Born in Havana, Cuba in 1904, Antonio Gattorno enrolled at the San Alejandro Academy at the age of thirteen, where he studied with Leopoldo Romañach. Five years later Gattorno went to Europe on the coveted five-year scholarship from the academy. While in Paris he befriended fellow Cubans painter Victor Manuel García and sculptor Juan José Sicre, and continued his art studies in France as well as Italy and Spain. In these formative years Gattorno was profoundly influenced by the paintings of the early Italian Renaissance, the work of Paul Gauguin and contemporary art deco. In 1927 Gattorno returned to Cuba with fellow artists Victor Manuel and Sicre. In March of 1927 Gattorno exhibited his European production at the Asociación de Pintores y Escultores in Havana, thereby becoming one of the pioneers of modernist painting in Cuba.
Antonio Gattorno, together with Victor Manuel, Eduardo Abela, Amelia Peláez, Carlos Enríquez, Fidelio Ponce and Marcelo Pogolotti, belongs to the first generation of Vanguardia painters who rebelled against the San Alejandro Academy and introduced modernism to the island from the late 1920s through the 1930s. By the time Gattorno returned to Cuba he had developed a visual vocabulary he could call his own, consisting of simplified and monumental forms, a vivid palette and well balanced compositions. From the beginning of his career, Gattorno was a virtuoso craftsman who possessed a refined painting technique grounded in stylized but solid drawing.
Gattorno's vision of Cuba is an idealized one; the tropics is a lush environment of sugarcane, tobacco, palms and banana trees where the inhabitants live and work in an abundant and sun-filled place. Beginning in 1927 Gattorno focused on the Cuban peasant as the central theme of his art, producing seminal works such as El Río, Guajiros y Plátanos, Pareja Guajira and ?Quiere más café, Don Nicolás? (the last in the collection of the Museo Nacional in Havana). This interest in the Cuban peasant and countryside as symbols of national identity (together with the Afro-Cuban) were very much a part of the agenda of the Grupo Minorista and Revista de Avance magazine, leading exponents of the political and cultural avant-garde in the Havana of the 1920s and 30s. Gattorno participated in the later stages of the Grupo Minorista and he collaborated in Revista de Avance. Unlike fellow painters Carlos Enríquez and Marcelo Pogolotti, who in their work would critique the deplorable social conditions of the Cuban countryside, Gattorno chose to depict idyllic views of rural life.
A monumental exploration of these themes was his 1938 mural Waiting for the Coffee for the Bacardi rum company. Painted in site for the thirty-fifth floor headquarters of the Bacardi Company at the Empire State Building, the composition synthesizes subjects from earlier works; a boy grazes a goat, lovers are riding a horse, a man is being served coffee by a young woman.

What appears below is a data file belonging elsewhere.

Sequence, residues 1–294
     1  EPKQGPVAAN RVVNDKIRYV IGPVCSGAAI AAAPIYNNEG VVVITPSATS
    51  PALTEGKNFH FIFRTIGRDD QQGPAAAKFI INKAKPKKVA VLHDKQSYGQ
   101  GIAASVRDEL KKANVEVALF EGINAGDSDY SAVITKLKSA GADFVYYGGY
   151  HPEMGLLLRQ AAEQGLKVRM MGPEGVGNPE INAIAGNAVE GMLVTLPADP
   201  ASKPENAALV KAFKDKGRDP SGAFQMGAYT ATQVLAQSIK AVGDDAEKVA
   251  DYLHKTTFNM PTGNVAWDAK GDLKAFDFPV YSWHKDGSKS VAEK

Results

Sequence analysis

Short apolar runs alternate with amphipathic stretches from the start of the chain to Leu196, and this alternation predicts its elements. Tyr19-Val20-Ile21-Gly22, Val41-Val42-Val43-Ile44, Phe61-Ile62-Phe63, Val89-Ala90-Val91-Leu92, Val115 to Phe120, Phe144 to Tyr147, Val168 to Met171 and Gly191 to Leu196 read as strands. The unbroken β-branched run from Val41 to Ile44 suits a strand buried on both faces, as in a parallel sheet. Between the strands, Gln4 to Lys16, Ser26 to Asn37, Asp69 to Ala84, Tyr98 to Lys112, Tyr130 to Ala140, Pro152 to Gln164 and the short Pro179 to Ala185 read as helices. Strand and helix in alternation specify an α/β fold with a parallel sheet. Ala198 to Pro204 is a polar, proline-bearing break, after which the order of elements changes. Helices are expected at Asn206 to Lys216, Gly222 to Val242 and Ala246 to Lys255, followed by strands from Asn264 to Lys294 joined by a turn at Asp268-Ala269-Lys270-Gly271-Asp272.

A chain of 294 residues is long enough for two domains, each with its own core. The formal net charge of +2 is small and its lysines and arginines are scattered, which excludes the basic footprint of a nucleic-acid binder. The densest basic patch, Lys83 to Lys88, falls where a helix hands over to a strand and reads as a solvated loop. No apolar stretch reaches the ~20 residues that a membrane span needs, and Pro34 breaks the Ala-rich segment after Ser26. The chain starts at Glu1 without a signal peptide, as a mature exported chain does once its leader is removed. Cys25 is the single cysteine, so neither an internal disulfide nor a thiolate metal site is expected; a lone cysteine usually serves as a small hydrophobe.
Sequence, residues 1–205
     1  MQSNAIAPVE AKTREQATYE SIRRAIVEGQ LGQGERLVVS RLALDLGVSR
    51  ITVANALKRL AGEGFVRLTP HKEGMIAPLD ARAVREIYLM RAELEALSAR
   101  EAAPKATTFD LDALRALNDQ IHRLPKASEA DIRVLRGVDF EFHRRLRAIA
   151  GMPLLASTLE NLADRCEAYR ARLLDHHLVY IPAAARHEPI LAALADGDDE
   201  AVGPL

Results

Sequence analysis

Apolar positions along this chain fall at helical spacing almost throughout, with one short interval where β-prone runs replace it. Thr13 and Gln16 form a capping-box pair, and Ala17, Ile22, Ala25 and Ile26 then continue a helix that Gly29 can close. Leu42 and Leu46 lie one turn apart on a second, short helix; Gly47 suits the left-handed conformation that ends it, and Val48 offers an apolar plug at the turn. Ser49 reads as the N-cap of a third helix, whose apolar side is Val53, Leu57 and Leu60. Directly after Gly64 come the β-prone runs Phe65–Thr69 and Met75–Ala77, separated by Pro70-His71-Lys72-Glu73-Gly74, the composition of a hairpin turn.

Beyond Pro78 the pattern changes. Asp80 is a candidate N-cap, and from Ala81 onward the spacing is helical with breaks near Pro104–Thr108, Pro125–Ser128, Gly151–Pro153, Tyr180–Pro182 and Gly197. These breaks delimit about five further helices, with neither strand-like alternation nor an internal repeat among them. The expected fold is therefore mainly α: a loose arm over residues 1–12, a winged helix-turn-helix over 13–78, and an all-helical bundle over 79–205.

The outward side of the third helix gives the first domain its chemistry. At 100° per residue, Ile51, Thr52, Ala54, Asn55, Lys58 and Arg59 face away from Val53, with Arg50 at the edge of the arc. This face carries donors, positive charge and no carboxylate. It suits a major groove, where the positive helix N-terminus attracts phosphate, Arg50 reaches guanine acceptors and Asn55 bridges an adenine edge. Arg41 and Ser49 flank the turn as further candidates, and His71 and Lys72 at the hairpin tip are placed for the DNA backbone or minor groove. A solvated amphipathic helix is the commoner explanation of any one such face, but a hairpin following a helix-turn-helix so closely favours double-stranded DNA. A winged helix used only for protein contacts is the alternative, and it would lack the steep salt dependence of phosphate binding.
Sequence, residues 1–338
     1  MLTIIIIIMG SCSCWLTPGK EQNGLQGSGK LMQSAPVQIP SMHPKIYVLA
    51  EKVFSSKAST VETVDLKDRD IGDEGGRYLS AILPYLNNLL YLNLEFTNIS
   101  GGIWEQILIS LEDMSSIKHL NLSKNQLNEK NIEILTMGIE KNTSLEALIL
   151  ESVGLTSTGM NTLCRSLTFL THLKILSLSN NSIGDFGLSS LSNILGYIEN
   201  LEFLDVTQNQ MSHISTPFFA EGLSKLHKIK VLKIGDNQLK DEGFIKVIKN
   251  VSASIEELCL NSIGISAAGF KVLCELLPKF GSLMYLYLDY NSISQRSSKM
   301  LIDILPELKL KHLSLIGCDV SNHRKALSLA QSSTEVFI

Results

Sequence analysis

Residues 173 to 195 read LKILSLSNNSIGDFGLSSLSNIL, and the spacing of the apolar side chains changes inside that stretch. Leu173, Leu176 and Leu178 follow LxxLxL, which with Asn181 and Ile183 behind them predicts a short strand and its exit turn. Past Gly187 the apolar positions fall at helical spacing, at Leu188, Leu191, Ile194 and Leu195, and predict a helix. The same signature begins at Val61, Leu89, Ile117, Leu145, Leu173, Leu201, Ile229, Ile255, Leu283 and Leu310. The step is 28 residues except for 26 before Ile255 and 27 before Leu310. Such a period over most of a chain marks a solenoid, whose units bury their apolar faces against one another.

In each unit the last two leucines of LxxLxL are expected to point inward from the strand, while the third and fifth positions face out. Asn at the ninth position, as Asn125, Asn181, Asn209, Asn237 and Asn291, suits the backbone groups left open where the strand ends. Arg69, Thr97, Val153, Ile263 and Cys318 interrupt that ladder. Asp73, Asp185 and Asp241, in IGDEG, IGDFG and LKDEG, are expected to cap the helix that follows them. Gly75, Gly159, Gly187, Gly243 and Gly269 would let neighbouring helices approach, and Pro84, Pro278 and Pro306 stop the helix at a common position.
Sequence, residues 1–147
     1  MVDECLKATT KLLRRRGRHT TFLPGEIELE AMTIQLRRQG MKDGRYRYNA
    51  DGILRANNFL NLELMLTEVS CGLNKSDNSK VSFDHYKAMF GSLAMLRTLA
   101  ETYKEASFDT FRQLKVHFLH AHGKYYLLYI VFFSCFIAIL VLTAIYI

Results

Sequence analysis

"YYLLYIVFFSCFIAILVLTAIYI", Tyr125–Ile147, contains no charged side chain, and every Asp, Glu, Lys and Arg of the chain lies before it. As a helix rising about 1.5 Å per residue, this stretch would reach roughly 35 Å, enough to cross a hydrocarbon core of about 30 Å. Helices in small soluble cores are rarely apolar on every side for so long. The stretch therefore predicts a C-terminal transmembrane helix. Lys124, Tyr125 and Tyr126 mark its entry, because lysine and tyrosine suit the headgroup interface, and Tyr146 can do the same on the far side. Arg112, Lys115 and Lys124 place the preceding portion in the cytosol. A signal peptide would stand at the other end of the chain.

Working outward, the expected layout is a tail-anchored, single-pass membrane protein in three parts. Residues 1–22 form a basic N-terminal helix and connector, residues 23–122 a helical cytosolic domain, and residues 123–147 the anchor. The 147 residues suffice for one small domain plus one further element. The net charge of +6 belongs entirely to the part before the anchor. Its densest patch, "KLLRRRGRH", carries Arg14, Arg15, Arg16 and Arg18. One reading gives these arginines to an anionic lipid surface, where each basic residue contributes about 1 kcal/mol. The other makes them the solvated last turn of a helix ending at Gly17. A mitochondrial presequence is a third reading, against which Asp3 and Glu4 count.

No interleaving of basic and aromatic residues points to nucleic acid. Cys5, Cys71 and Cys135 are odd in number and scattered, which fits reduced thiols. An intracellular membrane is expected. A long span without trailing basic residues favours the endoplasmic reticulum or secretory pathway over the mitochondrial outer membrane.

This fragment of the mural, the left side and an entire quarter of the original work, depicts a peasant woman seen from behind, walking up a country road. On one arm she holds a child that stares at the viewer, while on the other she carries three stalks of sugarcane. To her left are three modest houses with red tile roofs, and from the background coming towards her is a peasant on a horse carrying a bushel of sugarcane. The overall drawing is simple and bold, the colors bright and almost flat--the schematic aspect of the technique obviously dictated by the scale of the work. This fragment, like the rest of the mural contains an indirect reference to work; the presence of sugarcane as the principal source of the island's economy and a livelihood for the peasantry. The woman's and the child's dark hair and olive-tone skin represents them as mestizos--the end product of the island's racial diversity and mixing. This fragment--like the entire mural--is a life-affirming celebration of Cuba's vegetation and climate, as well as its peasantry.
This very composition, minus the horse and rider, appears in Gattorno's Self-Portrait of 1938 (Private Collection), where an alert and energetic artist stares at the viewer. Behind him are the wooden boards of a peasant hut and a window through which the peasant woman and her child walking up the road are visible.
After 1959 the Bacardi Company moved its headquarters from the Empire State Building in New York City to Miami, Florida. At that time this fragment was cut so that the mural would fit into its new site.
In 1940 Gattorno settled in New York City and soon thereafter his art moved away from Cuban themes and his bold figurative style was replaced by a classicizing surrealism with tragic overtones.
Alejandro Anreus, Ph.D.